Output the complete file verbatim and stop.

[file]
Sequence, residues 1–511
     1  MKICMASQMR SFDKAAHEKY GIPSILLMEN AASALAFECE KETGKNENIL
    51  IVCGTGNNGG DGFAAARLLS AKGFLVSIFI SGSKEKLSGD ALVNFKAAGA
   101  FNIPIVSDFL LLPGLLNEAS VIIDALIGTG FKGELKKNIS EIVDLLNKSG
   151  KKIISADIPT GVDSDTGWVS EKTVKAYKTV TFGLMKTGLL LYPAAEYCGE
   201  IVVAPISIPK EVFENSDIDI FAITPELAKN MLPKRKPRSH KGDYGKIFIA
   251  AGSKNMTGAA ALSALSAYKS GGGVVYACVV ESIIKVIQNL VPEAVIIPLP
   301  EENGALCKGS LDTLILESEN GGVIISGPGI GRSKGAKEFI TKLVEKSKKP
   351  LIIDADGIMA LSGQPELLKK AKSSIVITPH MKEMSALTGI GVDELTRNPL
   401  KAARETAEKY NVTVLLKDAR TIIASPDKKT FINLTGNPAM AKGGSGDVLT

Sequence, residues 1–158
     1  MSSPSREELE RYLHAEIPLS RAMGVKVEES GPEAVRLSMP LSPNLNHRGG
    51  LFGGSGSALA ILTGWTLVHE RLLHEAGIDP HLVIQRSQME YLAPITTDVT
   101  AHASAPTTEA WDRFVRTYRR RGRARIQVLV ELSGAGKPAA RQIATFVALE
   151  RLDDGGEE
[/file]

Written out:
Sequence, residues 1–511
     1  MKICMASQMR SFDKAAHEKY GIPSILLMEN AASALAFECE KETGKNENIL
    51  IVCGTGNNGG DGFAAARLLS AKGFLVSIFI SGSKEKLSGD ALVNFKAAGA
   101  FNIPIVSDFL LLPGLLNEAS VIIDALIGTG FKGELKKNIS EIVDLLNKSG
   151  KKIISADIPT GVDSDTGWVS EKTVKAYKTV TFGLMKTGLL LYPAAEYCGE
   201  IVVAPISIPK EVFENSDIDI FAITPELAKN MLPKRKPRSH KGDYGKIFIA
   251  AGSKNMTGAA ALSALSAYKS GGGVVYACVV ESIIKVIQNL VPEAVIIPLP
   301  EENGALCKGS LDTLILESEN GGVIISGPGI GRSKGAKEFI TKLVEKSKKP
   351  LIIDADGIMA LSGQPELLKK AKSSIVITPH MKEMSALTGI GVDELTRNPL
   401  KAARETAEKY NVTVLLKDAR TIIASPDKKT FINLTGNPAM AKGGSGDVLT

Sequence, residues 1–158
     1  MSSPSREELE RYLHAEIPLS RAMGVKVEES GPEAVRLSMP LSPNLNHRGG
    51  LFGGSGSALA ILTGWTLVHE RLLHEAGIDP HLVIQRSQME YLAPITTDVT
   101  AHASAPTTEA WDRFVRTYRR RGRARIQVLV ELSGAGKPAA RQIATFVALE
   151  RLDDGGEE